300-150: Strategic Management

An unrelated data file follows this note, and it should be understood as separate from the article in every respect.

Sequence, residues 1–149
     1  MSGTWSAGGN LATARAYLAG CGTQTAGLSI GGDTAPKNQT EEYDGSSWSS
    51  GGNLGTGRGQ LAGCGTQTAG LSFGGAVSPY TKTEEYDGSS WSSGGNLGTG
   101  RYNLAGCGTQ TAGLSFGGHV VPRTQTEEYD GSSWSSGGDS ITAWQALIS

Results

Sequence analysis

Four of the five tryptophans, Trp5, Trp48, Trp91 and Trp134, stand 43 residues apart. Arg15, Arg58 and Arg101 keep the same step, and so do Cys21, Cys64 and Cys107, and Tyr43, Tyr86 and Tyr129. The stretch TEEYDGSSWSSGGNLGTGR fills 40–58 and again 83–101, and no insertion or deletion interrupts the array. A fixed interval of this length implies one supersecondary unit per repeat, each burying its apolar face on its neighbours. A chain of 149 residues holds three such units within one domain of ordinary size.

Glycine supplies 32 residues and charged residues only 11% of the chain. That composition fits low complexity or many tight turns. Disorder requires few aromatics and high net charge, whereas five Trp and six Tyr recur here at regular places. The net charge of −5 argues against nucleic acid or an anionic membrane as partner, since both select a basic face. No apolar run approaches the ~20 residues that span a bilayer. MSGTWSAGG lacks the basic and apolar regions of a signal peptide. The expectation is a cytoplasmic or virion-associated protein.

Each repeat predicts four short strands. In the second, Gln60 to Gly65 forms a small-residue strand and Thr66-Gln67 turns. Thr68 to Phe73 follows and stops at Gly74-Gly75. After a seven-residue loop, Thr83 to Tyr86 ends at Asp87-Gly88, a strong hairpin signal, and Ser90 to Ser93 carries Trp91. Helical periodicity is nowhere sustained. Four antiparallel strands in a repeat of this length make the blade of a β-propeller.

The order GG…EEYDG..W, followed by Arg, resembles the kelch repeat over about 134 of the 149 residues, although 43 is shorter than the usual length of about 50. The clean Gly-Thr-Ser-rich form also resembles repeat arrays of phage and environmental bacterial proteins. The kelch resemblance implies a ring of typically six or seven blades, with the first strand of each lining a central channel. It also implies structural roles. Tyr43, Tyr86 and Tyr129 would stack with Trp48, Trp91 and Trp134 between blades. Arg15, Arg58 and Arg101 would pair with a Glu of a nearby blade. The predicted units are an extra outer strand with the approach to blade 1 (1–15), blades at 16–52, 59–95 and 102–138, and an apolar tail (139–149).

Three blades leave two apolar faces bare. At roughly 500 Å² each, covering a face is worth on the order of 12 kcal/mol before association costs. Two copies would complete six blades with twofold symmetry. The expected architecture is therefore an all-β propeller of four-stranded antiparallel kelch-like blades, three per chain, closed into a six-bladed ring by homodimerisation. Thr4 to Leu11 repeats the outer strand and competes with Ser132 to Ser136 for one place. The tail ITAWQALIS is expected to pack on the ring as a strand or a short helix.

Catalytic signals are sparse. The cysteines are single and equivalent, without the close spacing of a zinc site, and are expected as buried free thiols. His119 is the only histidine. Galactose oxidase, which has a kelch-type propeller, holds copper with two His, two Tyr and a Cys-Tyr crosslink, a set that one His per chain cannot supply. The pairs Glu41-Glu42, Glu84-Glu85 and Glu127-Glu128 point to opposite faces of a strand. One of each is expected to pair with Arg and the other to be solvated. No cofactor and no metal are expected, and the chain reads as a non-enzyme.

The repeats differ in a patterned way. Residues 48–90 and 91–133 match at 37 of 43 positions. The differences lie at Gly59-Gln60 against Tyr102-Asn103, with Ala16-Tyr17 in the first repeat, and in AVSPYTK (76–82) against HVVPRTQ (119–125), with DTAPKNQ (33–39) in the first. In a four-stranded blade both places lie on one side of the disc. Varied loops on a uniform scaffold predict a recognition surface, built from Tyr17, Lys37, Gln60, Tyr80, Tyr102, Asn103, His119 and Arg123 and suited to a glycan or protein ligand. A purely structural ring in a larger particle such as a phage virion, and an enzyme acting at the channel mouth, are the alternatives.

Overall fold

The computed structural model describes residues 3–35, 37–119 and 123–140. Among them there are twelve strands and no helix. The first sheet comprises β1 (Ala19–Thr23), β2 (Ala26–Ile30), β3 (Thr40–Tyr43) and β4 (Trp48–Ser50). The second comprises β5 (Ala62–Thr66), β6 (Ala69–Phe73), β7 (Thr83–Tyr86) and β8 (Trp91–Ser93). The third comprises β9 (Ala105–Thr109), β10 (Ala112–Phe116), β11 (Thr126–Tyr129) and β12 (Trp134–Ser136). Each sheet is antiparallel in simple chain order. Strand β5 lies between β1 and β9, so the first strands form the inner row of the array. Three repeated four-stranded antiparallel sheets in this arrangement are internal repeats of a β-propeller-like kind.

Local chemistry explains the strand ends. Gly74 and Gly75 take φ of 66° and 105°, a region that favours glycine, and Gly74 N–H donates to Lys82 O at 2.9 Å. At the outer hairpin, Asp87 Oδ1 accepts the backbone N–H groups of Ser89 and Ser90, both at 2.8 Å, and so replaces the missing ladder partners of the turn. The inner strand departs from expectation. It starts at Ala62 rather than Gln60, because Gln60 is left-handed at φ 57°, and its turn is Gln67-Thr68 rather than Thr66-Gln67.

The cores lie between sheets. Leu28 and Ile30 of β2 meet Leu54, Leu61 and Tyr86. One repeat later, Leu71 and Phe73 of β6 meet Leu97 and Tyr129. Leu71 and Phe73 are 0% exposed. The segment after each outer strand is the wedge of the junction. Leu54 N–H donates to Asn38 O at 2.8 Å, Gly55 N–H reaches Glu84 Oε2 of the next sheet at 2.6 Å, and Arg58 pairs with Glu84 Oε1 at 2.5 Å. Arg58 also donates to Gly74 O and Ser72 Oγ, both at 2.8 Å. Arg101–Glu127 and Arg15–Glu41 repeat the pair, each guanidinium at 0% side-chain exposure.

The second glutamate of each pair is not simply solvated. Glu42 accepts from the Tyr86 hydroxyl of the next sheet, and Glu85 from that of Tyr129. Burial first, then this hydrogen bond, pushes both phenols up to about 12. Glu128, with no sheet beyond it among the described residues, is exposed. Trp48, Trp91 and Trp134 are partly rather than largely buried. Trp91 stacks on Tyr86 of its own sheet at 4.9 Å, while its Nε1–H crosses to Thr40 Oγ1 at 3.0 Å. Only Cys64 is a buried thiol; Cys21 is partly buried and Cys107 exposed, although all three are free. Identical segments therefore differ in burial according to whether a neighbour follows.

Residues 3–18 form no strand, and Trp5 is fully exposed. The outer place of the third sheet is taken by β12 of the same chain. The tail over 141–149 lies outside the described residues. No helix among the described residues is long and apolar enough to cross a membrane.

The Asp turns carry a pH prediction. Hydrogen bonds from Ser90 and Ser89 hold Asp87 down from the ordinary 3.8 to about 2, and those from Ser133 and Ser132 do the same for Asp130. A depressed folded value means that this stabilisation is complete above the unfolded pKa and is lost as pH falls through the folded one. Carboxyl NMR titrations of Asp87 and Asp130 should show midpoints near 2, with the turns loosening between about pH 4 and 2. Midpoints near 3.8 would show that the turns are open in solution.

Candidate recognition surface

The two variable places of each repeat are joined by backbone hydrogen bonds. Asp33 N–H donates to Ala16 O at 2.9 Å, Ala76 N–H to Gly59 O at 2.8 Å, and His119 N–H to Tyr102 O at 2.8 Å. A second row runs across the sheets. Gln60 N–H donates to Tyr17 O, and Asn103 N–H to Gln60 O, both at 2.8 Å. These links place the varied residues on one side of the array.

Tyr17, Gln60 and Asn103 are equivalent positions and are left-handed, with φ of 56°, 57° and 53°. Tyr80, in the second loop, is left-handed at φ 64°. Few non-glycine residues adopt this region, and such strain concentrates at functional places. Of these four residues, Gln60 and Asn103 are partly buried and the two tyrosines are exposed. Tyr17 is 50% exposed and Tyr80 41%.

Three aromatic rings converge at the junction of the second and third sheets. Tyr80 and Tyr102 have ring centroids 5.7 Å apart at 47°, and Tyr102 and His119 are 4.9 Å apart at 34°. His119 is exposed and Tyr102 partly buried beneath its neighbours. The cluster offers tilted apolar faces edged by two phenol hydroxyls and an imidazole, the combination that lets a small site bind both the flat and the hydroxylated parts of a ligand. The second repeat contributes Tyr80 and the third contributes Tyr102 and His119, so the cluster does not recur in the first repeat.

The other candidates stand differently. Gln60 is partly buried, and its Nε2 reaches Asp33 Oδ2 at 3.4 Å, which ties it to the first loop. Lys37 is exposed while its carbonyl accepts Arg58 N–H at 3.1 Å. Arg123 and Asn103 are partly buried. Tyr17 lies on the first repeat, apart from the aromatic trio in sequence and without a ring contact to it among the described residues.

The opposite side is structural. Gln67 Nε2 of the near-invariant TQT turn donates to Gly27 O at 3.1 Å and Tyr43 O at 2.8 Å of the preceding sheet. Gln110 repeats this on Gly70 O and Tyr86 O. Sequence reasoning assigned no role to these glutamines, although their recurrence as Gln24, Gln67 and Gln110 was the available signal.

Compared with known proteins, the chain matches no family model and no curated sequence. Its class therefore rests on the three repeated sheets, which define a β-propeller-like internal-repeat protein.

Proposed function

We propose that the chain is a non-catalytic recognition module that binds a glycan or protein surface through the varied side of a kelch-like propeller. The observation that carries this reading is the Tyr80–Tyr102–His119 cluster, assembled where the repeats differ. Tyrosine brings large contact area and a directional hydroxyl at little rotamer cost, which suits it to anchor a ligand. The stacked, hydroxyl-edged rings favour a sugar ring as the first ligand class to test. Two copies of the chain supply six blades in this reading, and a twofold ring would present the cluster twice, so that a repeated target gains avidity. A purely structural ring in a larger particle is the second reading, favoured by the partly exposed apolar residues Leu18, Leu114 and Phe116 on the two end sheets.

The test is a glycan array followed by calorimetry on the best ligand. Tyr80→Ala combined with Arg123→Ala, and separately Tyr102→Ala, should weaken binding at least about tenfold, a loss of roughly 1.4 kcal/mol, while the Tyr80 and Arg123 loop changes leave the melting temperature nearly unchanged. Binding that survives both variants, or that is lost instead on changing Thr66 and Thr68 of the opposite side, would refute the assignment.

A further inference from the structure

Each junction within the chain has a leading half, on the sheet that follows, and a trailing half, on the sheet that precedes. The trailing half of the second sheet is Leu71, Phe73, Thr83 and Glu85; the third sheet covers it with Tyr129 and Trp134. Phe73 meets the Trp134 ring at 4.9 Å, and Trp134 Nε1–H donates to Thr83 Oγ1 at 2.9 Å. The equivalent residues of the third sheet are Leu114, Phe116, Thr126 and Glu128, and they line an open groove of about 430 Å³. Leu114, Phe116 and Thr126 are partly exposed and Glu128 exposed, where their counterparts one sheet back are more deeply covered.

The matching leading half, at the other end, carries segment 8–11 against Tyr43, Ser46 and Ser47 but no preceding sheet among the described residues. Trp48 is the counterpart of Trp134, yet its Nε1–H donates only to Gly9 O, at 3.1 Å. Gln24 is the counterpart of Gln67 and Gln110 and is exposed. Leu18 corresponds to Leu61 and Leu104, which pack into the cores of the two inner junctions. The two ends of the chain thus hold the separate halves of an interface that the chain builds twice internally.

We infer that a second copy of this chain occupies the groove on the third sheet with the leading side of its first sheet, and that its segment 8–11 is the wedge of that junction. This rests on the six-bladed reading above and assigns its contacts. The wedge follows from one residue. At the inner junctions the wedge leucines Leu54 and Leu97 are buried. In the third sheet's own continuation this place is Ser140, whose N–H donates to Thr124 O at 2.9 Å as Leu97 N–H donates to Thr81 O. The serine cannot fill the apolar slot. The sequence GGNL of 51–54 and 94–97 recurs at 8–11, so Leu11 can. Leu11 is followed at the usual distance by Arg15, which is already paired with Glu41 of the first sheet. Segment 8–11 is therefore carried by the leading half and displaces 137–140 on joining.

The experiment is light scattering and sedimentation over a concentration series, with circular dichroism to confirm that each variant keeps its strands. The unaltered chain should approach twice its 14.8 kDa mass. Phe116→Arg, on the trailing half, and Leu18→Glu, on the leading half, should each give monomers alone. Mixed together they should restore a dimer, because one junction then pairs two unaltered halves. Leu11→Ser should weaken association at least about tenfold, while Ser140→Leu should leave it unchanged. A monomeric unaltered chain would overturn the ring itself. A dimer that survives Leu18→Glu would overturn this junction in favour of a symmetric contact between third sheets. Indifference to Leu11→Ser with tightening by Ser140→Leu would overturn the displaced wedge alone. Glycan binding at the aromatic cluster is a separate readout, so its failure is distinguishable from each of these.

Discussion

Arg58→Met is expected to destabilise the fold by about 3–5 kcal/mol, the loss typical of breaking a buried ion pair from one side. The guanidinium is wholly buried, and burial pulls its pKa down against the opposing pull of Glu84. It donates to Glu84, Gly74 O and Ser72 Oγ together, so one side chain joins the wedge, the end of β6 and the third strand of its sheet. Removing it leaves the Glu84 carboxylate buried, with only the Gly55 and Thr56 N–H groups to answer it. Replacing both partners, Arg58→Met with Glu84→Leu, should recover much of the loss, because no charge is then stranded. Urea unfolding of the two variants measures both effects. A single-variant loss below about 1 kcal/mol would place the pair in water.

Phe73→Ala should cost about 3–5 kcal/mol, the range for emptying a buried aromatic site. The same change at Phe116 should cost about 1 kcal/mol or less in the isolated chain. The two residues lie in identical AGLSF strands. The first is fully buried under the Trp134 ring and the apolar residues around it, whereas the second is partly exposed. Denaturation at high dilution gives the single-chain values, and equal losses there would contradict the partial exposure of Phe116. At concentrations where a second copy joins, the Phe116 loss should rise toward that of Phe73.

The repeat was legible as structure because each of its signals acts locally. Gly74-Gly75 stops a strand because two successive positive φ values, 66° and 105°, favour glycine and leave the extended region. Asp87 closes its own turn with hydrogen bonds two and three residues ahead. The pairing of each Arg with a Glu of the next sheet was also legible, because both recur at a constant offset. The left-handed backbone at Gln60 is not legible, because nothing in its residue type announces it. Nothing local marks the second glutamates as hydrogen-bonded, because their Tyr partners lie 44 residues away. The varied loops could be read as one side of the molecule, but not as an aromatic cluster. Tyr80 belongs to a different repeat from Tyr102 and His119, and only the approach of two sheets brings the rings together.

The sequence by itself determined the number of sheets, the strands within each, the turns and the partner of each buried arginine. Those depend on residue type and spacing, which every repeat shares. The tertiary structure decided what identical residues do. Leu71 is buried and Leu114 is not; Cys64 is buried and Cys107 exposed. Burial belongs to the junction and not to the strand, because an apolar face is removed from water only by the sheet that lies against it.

The main question of Strategic Management or Management Strategy is “Why do some firms outperform other firms?” More specifically, strategic management examines how actions and events involving top executives, and industries influence a firm’s success or failure. Formal tools exist for understanding these relationships, and many of these tools are explained and applied in this course. But formal tools are not enough; creativity is just as important to strategic management. Mastering strategy is therefore part art and part science. Defining strategy is not simple. Strategy is a complex concept that involves many different processes and activities within an organization. To capture this complexity, Professor Henry Mintzberg of McGill University in Montreal, Canada, articulated what he labeled as “the 5 Ps of strategy.” According to Mintzberg, understanding how strategy can be viewed as a plan, as a ploy, as a position, as a pattern, and as a perspective is important. Each of these five ways of thinking about strategy is necessary for understanding what strategy is, but none of them alone is sufficient to master the concept. This course will provide the student with an overview of Strategic Management and its tools and uses. Concepts reviewed include: The History of Strategic Management, Leading Strategically, Evaluating the External Environment, Managing Firm Resources, Selecting Business-Level Strategies, Competitive & Cooperative Moves, International Markets, Corporate-Level Strategies, Organizational Design, and The Ethical Organization.